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by Peter May
Quercus, January 2013
400 pages
14.99 GBP
ISBN: 0857382233

Buy in the UK | Buy in Canada

Starting with the third book of a trilogy often isn't the best test of either a book or the series as a whole, but with THE CHESSMEN, coming late to the party really didn't matter. I was quickly drawn into the world of the Isle of Lewis, the site of the discovery of 78 elaborately carved 12th century chess pieces, mostly made from walrus ivory. The majority of these figures are housed in the British Museum in London, a matter of some controversy for those who believe the chessmen should be exhibited on the island of their discovery.

Ex-Detective Inspector Fin Macleod returns to his childhood home on Lewis, now employed as a head of security by a local landowner determined to put a stop to poaching on his land. This brings Fin into contact with an old school friend, 'Whistler' Macaskill, a man who believes it is his right to take salmon and other game from the land on which he has lived on all his life.

Together, the two men witness a freak natural phenomenon known as a 'bog burst', which spontaneously drains a remote loch of its water, revealing a long-lost aircraft in its midst that both Fin and Whistler have good cause to remember. The plane contains the body of another old friend, the successful musician Roddy Mackenzie, who disappeared on a solo flight 17 years ago. Fin suspects that Whistler knows more about the incident than he is willing to come clean about and his copper's instincts are quickly aroused.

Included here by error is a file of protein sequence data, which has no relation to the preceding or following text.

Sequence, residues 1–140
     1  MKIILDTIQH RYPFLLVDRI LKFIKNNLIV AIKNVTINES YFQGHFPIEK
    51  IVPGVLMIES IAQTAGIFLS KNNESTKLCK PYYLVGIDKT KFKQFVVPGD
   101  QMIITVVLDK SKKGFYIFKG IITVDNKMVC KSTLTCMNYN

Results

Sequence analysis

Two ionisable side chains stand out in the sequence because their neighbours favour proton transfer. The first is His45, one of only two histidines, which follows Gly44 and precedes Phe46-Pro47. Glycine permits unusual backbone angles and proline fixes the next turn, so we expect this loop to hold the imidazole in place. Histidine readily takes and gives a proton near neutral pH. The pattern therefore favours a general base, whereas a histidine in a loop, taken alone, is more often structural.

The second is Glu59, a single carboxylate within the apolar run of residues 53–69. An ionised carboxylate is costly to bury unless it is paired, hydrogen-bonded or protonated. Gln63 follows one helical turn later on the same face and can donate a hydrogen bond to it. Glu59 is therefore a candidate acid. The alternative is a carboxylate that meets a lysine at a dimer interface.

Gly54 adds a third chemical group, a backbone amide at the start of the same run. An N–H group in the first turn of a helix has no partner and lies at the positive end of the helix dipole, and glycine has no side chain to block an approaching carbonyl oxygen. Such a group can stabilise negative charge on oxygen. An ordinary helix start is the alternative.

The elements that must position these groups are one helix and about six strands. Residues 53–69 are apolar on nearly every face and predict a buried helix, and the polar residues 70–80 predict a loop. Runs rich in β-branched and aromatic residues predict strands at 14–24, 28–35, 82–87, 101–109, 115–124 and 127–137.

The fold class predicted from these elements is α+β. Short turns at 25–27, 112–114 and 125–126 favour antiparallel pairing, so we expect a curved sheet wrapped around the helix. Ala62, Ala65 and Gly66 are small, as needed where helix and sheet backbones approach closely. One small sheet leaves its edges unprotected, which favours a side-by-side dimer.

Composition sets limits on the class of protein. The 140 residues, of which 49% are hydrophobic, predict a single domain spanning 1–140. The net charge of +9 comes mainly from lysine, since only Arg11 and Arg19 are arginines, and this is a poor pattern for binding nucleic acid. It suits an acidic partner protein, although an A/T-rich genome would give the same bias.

The cover of the book, a stark landscape study in moody black and white, beautifully captures the flavour of THE CHESSMEN's remote setting. Mountains, lochs moors and the encircling sea are all drawn with a sparing but accurate pen. I normally have an extremely low tolerance for books that interweave present narrative with a story from the past, but here the teenage years of Fin Macleod, Roddy Mackenzie, Whistler Macaskill, and the beautiful Mairead Morrison, the object of all their affections, is an integral part of the story as THE CHESSMEN flows backward and forward in time, never missing a beat. Their connection arises through a successful group of musicians that shot to fame, and even some fortune, under the name of Amran.

It's an odd think in books, but fictional television characters or programmes always have a 'made up' vibe to them, and the same is true of fictional musicians, but this is something that Peter May wholly escapes in his portrayal of Amran, who could easily stand beside such success stories as Runrig and Capercaillie, or even the less well-known but very talented Rock, Salt and Nails. I remained as wholly engrossed in their story as I was in the unfolding mystery of the body in the bog and its ability to cast such a long shadow over the lives of the living.

The final sting in the book's tail would, I presume, have made more sense to me if I had read the preceding two books, and was in fact the only point at which I was conscious of not knowing something crucial. But even though I know how the overall arc ends, that certainly won't stop me from seeking out THE BLACKHOUSE and THE LEWIS MAN, and when a book is able to do that, for me at least, it means that it has succeeded on all levels.

Linda Wilson is a writer, and retired solicitor, with an interest in archaeology and cave art, who now divides her time between England and France.

Reviewed by Linda Wilson, March 2013

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Contact: Yvonne Klein (ymk@reviewingtheevidence.com)

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